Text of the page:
Gallery:Step 4|Step 4: Time Pickers

Thoughts on Time Picking

Gallery:Step 4|Step 4: Time Pickers

There seems to be universal agreement among investment experts that time picking is futile. Even so, it is not unusual for these same experts to actively tout its merits. Wall Street brokerage firms publish stock picking, time picking, money manager picking, and style picking studies to encourage existing and potential clients to change their investment strategies in midstream, which dumps more sales commissions into the pockets of these firms.

Time pickers usually charge clients an annual fee of two to three percent of the value of their investment portfolios. These timers are nothing more than highly paid gamblers who bet with your money. Some investors who time markets invest in market timing mutual funds, which often produce high trading costs. The funds also generate short-term taxable capital gains due to the liquidation of fund stock positions to pay off departing shareholders. Investors can avoid cost-generating, tax-creating moves made by managers and shareholders of active mutual funds by remaining fully invested in index funds at all times, especially with mutual fund companies that restrict their shareholders to those who understand how the market works. Dimensional Fund Advisors is a firm that restricts access to their funds. Only large institutional investors and clients of pre-approved investment advisors are allowed to invest in the funds. You might call it a group of really smart investors.

In addition, when an investor moves in and out of investments, they create the possibility of paying a huge portion of their gains in taxes. For short-term gains, federal and state taxes can approach 50% in some states. Even when time pickers are lucky enough to win, the taxes significantly reduce their return.

The bottom line is this: the right time to be in the market is when an investor has money, and the right time to get out of the market is when an investor needs the money. The longer an investor can stay invested, the better. The investor who stays fully invested throughout the market swings experiences gains about two-thirds of the time. There is no reason to believe that professional market timers can correctly guess every two out of three favorable market periods over the long run.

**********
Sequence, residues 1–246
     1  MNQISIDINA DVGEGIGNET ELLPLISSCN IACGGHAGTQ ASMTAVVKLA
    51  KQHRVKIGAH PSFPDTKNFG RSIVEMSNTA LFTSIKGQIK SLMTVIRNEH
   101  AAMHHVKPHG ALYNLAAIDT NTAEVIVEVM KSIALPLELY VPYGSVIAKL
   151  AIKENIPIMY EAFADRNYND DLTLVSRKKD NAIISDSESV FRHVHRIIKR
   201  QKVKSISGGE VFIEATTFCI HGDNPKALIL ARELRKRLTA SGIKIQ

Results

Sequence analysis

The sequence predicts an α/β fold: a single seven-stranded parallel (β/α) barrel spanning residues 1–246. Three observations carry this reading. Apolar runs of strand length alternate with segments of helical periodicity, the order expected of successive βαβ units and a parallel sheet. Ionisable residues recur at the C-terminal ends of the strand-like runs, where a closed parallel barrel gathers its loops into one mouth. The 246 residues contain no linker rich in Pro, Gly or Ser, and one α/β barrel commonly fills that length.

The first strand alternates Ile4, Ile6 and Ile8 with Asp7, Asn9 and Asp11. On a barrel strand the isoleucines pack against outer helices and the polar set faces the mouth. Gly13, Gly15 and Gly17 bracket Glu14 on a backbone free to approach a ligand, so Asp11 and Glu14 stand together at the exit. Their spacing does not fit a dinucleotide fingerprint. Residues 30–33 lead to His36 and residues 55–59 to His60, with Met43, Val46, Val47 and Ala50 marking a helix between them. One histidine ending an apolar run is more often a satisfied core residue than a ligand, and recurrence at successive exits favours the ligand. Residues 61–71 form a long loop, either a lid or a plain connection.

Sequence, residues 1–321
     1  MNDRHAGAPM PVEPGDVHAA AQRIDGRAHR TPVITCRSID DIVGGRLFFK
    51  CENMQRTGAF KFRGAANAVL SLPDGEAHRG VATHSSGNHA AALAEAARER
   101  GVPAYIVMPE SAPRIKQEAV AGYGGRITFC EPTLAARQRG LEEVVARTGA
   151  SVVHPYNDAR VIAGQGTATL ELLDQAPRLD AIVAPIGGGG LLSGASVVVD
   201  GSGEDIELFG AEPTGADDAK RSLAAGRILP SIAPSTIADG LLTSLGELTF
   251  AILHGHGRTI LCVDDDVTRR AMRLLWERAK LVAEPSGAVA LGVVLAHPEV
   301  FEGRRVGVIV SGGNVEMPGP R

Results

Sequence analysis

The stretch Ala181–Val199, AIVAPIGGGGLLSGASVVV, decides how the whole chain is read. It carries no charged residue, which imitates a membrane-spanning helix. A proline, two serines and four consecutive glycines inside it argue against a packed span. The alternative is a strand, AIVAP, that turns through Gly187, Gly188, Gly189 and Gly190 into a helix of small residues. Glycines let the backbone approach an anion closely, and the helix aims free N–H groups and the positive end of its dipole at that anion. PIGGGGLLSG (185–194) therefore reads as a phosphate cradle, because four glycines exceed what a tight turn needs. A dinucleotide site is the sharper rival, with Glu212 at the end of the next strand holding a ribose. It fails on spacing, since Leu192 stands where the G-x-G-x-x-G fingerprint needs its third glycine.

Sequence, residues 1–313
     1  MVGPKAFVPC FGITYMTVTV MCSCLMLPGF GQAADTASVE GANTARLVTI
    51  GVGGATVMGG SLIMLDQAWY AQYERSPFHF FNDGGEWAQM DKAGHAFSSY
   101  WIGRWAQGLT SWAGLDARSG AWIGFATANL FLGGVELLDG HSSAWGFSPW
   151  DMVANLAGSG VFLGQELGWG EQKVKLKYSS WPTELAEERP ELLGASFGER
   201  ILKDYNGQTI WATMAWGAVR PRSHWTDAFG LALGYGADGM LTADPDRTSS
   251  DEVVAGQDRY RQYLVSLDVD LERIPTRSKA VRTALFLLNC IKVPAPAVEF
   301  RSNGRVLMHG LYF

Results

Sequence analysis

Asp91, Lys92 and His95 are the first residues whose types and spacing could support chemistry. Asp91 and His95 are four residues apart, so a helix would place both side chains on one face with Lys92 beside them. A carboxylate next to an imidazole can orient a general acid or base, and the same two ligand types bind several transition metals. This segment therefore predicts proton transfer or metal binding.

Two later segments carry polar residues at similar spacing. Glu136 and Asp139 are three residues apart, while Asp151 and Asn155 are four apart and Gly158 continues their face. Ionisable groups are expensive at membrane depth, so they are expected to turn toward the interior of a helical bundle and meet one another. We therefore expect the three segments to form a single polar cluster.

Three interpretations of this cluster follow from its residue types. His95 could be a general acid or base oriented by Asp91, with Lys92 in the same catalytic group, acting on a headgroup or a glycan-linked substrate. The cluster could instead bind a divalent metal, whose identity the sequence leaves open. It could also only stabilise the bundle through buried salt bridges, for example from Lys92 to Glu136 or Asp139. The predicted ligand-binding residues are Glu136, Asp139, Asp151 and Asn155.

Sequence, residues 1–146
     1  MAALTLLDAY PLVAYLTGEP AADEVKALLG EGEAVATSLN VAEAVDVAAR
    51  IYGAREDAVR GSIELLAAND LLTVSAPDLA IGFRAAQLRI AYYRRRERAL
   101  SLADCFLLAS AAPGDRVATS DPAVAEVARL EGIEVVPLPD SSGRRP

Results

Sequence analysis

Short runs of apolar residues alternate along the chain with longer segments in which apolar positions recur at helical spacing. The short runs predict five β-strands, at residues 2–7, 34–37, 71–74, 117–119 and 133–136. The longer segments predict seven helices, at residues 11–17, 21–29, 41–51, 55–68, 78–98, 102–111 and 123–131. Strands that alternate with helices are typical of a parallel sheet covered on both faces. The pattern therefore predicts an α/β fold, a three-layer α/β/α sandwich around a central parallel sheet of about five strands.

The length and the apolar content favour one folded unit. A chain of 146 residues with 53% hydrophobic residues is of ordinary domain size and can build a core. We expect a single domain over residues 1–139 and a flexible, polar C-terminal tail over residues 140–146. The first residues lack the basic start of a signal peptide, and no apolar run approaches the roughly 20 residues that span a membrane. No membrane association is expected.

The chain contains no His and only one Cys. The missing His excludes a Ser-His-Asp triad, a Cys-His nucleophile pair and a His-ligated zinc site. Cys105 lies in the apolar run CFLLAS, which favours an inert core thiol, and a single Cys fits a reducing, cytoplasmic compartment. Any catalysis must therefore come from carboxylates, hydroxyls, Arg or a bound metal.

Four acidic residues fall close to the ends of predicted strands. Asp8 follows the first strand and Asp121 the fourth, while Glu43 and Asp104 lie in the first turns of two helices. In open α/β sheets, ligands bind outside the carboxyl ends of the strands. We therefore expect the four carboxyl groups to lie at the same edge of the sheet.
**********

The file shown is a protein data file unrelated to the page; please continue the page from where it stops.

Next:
Even though a buy-and-hold investor most likely experiences losses about one out of every three years over the long run, the losses of these fewer down years are far outweighed by the gains of the more numerous up years. From January 1, 1928 to October 31, 2013, the S&P 500 had an annualized return of 9.73% with a range of plus or minus 19.13% two thirds of the time. This would have grown $1,000 to $2,882,134.83 over that 85 years and 10 months.

An investor who remains fully invested in down markets enjoys other advantages. The investor who remains in the market avoids exiting in a down market, thus avoiding locking in losses on stock mutual fund shares. Hefty trading commissions or taxes on any realized capital gains are also deflected. An investor can also benefit by never again paying high market timing advisory fees.

Investors build real wealth only by maintaining a constant presence in the asset classes in which they are invested during the good times and the bad times. This not only gives long-term investors an immediate advantage each time the market goes back up after it has declined, it also allows them to participate in the market's climb in value over the long run. This makes them better stock pickers than the professionals who dart in and out of markets in unattainable attempts to anticipate where they will be heading in the future.

In summary, the goal of a time picker (also referred to as a market timer) is to obtain the upswings of the market and avoid the downswings. In other words, the goal is to get return without risk. Risk is the source of returns; therefore, investors must subject their capital to risk. It is only a question of how much risk is right for each investor.

Time picking is beneficial only to financial firms who make money trading shares and selling advice. The firms who charge top dollar for the best advice available in the world ironically end up with sub-market returns. Market strategists, even those considered successful have fallen away from the limelight. History has shown that market strategists, or any financial analysts for that matter, are right unless they are proven to be wrong. The industry has created a world in which complicated ratios and mathematical formulas are paraded in front of the public in hopes of impressing investors with superior knowledge and skills. This elevates the analysts in the public’s eye and ultimately influences investors’ decisions on which firm to choose to handle their investments.

The stock market has experienced a healthy upward climb in value over the long run, which is precisely what makes time picking so unnecessary. The best way for an investor to maximize advantage of these returns is to remain fully invested at all times, holding a globally diversified portfolio of index funds.

In Burton Malkiel's book, A Random Walk Down Wall Street, John C. Bogle is quoted as saying, "In 30 years in this business, I do not know anybody who has done it successfully and consistently, nor anybody who knows anybody who has done it successfully and consistently. Indeed, my impression is that trying to do market timing is likely not only not to add value to your investment program, but to be counterproductive."

In the end, time pickers have two critical decisions to make: when to get in the market and when to get out. The data is now conclusive that there is no reliable timing method to help with either decision. It is time, not timing, that determines an investor's return.